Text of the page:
UW tight ends Chris Izbicki and Kavario Middleton look forward to a fresh start
After limited playing time in 2008, both are looking forward to new coach Steve Sarkisian's offense that uses the tight end more
Seattle Times staff reporter
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The list of Washington Huskies who would want to relive the 2008 football season is probably smaller than the current membership of the Kevin Federline fan club.
But among those who would most like to forget it are two players who are now entrusted with helping the Huskies again reclaim their long-held title of "Tight End U" — Chris Izbicki and Kavario Middleton.
As last year meandered into winlessness, Izbicki could do nothing but watch, banished to the sideline for good, apparently as punishment for being cited for two misdemeanors related to a drinking incident at a concert in the summer of 2008.
Middleton, meanwhile, found himself increasingly standing next to Izbicki on the sideline as the season wore on, his playing time decreasing for reasons he found perplexing.
"Your guess is as good as mine," he said.
In retrospect, Middleton, a graduate of Lakes High who was the prize of the Class of 2008, admits his commitment could have been a little better. And it also made sense that he lost some playing time after senior Michael Gottlieb recovered from an injury to emerge as the starter after the first two games.
But Middleton also says he had little in the way of guidance on what to do or why he suddenly wasn't playing much — after making eight catches in the first two games he had just four the rest of the season.
"I was kind of just lost with everything," he said. "Nobody really talked to me about anything. I didn't know what my role was. I didn't know where I belonged."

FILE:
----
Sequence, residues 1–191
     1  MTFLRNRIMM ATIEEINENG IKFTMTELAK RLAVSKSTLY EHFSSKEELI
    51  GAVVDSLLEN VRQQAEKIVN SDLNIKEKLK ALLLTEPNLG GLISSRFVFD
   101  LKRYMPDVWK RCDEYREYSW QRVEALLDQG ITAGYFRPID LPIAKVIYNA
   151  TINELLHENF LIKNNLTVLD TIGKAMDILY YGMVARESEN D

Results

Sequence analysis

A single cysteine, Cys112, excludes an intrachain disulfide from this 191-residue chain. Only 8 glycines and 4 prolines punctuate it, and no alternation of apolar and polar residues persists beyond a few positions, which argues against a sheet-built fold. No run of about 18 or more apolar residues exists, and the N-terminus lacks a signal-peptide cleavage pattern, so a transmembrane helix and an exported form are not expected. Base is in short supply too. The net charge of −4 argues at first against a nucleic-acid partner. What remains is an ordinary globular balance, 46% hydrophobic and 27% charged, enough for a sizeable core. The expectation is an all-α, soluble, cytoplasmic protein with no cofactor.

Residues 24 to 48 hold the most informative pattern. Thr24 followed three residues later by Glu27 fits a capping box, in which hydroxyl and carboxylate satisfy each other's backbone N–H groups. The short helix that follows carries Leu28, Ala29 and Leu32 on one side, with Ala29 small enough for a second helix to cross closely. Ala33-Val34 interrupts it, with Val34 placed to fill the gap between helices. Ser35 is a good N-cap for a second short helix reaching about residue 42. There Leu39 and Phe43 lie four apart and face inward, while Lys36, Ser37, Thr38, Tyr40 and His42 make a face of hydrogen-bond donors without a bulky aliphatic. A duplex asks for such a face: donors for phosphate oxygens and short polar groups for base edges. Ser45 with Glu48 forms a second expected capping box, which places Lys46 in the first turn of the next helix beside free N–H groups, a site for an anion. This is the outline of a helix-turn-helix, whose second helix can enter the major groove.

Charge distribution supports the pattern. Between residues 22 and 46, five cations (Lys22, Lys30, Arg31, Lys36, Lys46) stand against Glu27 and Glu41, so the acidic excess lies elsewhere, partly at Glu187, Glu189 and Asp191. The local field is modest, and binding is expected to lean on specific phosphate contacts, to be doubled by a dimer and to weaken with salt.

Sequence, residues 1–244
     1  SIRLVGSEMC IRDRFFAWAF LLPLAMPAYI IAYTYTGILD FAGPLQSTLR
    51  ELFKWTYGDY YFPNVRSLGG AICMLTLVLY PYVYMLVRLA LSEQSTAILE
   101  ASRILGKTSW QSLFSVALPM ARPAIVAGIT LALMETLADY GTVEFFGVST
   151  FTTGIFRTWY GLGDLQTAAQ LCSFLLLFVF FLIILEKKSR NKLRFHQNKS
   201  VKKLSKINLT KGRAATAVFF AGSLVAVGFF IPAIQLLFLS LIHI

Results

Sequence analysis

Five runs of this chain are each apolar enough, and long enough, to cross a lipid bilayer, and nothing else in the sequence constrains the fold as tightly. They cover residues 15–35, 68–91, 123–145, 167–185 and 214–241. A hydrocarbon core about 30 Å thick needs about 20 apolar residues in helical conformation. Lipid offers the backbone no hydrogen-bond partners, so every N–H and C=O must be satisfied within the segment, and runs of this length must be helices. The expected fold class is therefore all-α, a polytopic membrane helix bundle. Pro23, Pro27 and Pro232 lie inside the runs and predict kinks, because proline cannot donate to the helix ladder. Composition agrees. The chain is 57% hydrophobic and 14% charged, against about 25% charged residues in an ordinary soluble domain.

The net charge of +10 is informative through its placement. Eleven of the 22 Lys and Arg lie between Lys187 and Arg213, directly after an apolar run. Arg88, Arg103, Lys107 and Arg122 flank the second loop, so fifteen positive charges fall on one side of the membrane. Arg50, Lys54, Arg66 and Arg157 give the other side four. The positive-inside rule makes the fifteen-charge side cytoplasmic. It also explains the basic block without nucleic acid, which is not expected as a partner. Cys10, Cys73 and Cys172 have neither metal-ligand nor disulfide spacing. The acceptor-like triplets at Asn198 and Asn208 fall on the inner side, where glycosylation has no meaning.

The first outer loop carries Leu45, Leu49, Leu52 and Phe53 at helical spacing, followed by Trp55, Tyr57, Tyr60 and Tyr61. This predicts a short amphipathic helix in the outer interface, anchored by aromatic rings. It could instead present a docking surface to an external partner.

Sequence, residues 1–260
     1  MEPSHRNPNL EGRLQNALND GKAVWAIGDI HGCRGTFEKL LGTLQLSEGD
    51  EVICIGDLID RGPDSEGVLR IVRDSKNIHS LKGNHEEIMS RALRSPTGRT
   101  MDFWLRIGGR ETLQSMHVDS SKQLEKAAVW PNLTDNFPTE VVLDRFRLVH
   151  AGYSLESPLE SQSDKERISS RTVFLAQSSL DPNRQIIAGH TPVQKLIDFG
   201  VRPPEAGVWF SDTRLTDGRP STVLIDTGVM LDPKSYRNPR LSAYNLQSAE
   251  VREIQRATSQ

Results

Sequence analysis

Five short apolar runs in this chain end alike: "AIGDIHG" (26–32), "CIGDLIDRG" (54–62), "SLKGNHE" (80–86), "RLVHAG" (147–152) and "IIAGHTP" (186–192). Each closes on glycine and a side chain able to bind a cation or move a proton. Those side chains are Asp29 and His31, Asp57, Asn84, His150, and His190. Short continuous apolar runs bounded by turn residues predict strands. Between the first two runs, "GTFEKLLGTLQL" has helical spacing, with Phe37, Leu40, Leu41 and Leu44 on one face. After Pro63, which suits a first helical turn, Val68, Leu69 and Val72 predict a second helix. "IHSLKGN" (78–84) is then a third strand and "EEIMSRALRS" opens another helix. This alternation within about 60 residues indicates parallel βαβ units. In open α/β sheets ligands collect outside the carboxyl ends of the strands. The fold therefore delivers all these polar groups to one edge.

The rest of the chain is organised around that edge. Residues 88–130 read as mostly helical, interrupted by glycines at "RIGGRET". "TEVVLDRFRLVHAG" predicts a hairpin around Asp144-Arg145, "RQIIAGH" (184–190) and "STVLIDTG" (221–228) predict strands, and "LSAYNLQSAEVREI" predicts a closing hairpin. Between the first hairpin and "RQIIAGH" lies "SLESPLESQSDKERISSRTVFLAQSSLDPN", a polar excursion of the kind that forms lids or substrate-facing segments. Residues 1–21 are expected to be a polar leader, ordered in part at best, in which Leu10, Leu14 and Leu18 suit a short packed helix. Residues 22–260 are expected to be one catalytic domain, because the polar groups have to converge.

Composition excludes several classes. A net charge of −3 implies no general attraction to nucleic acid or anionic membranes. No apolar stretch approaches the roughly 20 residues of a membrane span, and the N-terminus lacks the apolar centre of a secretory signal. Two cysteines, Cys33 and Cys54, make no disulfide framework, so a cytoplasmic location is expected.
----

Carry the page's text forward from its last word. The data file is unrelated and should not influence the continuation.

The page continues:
Izbicki, a Lake Washington grad who was among the most touted members of the Class of 2007, had a pretty good idea the arrest was why he was stuck on the bench, though he says former coach Tyrone Willingham never told him as much.
"I just didn't get to play," he said. "It was a no-words-exchanged type of deal."
Both are now relishing a fresh start under new coach Steve Sarkisian while also battling with each other for the starting job vacated by Gottlieb.
Izbicki is currently listed as the starter, but in Tuesday's practice they each took turns with the first unit while sometimes also playing together in two tight-end sets.
JC transfer Dorson Boyce has also impressed early, compelling Sarkisian to say Tuesday that "it's a really good group" and promising all figure to see the field a lot this season. Sarkisian's offense made liberal use of the tight end at USC and he hopes to revive a tradition at UW that has included the likes of Mark Bruener, Aaron Pierce, Ernie Conwell, Jerramy Stevens and Cam Cleeland.
"We don't want to be a team that lines up in three and four [receiver sets] all the time," Sarkisian said. "We like to be multiple and like to have multiple tight ends on the field because of the run threat but then have the ability to still throw the ball. That's critical in our system."
And that's music to the ears of Middleton and Izbicki.
Sarkisian said Middleton "came to camp in really good shape," Middleton saying he was inspired to work harder by the chance of greater opportunity this season. He weighs about the same as a year ago — roughly 255 — but says "my legs are stronger. My upper body is a little more built."
Izbicki is also in better shape, weighing about 234 compared to about 249 last year. He had put on weight after arriving at UW but said it slowed him down and he wanted to get back to where he essentially played in high school.
Given their backgrounds as highly recruited in-state players who chose to stay home, their battle for the starting job looms as one of the most interesting of the fall. But the two say they are good friends more concerned with making the team better — and getting on the field again.
"I've kind of found myself and what my role is in everything," Middleton said. "It's time to start clicking."
Bob Condotta: 206-515-5699 or email@example.com
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